Gathering people together always yields interesting results, be it a family gathering, a neighborhood block party, your city's fireworks celebration, or the State Fair (good heavens, who chose that photo of the lady in the upper left corner...). It's always an interesting people event. Then there are the more specialized get-togethers, like the American Academy of Oral and Maxiofacial Surgeons, to the much more well-known yearly gathering of the AMPAS, and smaller galas like the NCS's Reuben's. (Congratulations, by the way, to fellow Minnesotan Tom Richmond for winning in the category of Advertising Illustration this year.)
Apart from all of these, standing alone in the corner, strangely self-confident and oblivious to the sideways glances and uncomfortable silence of the other "Cons" who don't really know what to make of this odd intruder in their august club, ready to speak Klingon, ready to discuss at lenght the untimely and unfortunate demise of Firefly, or wonder aloud (and discuss at length) why George Lucas hates Star Wars to the first anyone who shows too much interest, is the Comic Book Convention.
Of all the comic book conventions in all the world, there is arguably The One that rules them all, and in the darkness binds them: Comic-Con International: San Diego.
It is into the mouth of this beast that I'm casting myself for three days in July.
For the first time.
A bit dramatic, perhaps? Perhaps not.
My first "Comic-con" was three years ago, when I took my then infant daughter (strapped to the front of me in her baby bjorn baby-holder thing) to the Minnesota Fallcon for one reason: to have Michael Jantze sign one of his comic strips for me, if I could get close enough and if he had time for it. I'd been a fan of his comic "The Norm" from the first day it ran in the Star Tribune, and this particular Sunday strip involved baseball. My wife has always been a big baseball fan, so I thought it'd be really cool to give this one to her, signed and framed.
Fallcon (MN) is an impressive showing of local and actually a big draw (ha) for national talent and attention. It occupies a large building on the Minnesota State Fairgrounds, and is packed full of fans, creators and vendors. As an animator and casual comic book fan, it doesn't pack a big whollop for me, outside of meeting some really cool people, and the artistry is always fun and amazing to see.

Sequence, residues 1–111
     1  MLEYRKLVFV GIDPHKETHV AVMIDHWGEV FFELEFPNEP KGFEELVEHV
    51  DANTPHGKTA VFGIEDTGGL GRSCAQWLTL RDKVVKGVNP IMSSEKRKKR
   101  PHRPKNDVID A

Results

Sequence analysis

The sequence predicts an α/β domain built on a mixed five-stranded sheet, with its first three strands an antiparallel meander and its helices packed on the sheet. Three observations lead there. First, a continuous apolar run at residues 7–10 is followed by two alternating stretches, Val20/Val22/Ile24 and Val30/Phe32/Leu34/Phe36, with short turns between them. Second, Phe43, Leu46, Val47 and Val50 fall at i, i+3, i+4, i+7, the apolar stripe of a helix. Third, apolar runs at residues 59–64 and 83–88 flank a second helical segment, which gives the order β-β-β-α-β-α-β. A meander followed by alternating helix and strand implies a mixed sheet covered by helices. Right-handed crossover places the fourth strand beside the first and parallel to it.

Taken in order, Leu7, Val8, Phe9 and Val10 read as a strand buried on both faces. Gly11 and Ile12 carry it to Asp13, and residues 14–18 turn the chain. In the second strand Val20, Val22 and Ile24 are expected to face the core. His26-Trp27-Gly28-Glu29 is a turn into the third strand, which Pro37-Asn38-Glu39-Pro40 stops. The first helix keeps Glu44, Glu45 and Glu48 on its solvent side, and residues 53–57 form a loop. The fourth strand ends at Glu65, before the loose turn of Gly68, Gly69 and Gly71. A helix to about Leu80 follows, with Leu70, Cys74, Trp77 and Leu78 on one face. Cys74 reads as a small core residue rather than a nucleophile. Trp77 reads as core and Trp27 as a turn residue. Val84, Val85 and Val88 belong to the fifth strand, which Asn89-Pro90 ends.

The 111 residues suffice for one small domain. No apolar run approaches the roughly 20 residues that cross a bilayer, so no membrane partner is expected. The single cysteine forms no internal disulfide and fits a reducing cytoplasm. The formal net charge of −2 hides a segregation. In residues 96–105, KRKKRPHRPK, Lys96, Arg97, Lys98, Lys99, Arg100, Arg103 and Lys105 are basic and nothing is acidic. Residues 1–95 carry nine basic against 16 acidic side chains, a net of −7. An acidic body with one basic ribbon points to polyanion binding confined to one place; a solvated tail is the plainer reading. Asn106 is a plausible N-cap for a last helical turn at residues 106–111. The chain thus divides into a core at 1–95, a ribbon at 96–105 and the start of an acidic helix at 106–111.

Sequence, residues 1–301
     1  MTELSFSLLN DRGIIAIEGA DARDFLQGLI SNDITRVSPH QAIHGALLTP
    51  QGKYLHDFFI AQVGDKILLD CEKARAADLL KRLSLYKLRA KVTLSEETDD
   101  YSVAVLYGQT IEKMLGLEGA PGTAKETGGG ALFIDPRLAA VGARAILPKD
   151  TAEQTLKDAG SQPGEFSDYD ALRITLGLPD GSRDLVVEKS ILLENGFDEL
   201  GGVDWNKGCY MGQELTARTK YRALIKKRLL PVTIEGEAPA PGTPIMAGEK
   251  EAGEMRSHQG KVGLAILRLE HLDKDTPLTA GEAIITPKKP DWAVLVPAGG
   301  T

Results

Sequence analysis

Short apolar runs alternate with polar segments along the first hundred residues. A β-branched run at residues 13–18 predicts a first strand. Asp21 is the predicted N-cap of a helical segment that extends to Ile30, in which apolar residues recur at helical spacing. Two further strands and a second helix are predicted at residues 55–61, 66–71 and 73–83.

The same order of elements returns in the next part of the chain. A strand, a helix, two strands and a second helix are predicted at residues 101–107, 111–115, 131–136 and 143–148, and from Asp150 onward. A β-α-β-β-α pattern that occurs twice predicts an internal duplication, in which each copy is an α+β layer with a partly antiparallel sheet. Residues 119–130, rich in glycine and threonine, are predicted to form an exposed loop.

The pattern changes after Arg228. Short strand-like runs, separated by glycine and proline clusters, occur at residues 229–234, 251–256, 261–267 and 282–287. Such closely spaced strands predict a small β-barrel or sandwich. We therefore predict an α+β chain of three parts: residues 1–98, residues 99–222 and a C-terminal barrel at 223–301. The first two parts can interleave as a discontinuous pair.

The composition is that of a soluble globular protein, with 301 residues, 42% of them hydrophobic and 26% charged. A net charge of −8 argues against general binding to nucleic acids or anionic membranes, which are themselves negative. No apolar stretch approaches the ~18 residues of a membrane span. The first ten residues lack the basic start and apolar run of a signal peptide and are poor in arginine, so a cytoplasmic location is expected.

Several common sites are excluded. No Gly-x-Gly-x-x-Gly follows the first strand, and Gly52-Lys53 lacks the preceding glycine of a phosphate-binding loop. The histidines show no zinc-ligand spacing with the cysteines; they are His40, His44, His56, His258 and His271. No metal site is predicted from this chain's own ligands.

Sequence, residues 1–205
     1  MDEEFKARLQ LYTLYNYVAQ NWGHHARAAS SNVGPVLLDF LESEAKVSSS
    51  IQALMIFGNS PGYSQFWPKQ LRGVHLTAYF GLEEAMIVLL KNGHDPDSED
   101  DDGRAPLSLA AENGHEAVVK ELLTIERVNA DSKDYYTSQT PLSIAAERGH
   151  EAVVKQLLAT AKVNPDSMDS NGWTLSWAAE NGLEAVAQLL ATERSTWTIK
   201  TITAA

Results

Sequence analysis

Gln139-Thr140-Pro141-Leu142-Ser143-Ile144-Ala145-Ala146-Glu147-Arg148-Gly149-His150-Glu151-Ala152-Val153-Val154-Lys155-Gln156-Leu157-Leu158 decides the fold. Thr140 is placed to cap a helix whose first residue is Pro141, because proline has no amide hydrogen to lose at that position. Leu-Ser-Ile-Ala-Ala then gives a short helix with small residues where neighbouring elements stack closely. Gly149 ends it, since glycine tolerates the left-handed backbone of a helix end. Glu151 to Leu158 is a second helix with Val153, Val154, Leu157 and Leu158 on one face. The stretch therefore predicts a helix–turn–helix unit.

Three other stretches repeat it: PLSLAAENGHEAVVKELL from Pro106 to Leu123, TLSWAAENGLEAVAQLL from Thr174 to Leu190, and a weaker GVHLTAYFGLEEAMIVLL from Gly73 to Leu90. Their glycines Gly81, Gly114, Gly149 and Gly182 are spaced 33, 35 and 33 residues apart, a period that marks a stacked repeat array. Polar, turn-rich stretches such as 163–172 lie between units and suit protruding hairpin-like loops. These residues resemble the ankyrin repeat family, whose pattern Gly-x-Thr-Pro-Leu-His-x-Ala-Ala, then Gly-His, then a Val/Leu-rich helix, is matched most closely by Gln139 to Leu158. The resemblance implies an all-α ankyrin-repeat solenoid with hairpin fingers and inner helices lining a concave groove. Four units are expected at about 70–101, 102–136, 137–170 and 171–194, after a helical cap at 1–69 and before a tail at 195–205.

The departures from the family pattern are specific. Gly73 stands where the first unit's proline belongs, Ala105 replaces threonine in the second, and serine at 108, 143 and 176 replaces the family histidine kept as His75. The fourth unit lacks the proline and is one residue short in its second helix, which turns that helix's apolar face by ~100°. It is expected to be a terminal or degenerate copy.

The San Diego con, on the other hand, is for more than comic books. It's comic strips, film, television, and animation for both film and television. It is pretty much anything having to do with artistic pop culture. It is simply huge.
And there will be people people people. People who go for autographs, people who go for art, people who go for panel discussions on Klingoneese and the proper useage thereof, people who go hoping for their "big break", people who go looking for the one lost and rare issue that will complete a story arc, people who go to dress up like their favorite character, and people who go to see people dressed up like their favorite character.
My reason for going?
I don't know yet. I don't think I'll really know until I'm there. I do know I'm going for work, as a professional, and will be involved in various meetings of one kind or another. I'm going, I think, to see where the business of popular art in general is going, what forms it seems to be taking, where the trends are and how I might fit into that future.
At any rate, I'm looking forward to the experience. I'll be going without my daughter strapped to my front, so I won't have her cuteness to protect me from the masses. I did get Jantze to sign that strip that first time, though. Turns out he's a pretty nice guy. Rumor has it he'll be at this year's San Diego convention. I'll have to take another one of his strips or books along and maybe I'll get lucky again.
Here's a drawing from my life-drawing endeavors. China markers on Canson Pastel Paper - 9x12
Something happened with her neck... but I do like how her face and the rest of her body turned out.
More from the life drawing endeavors coming.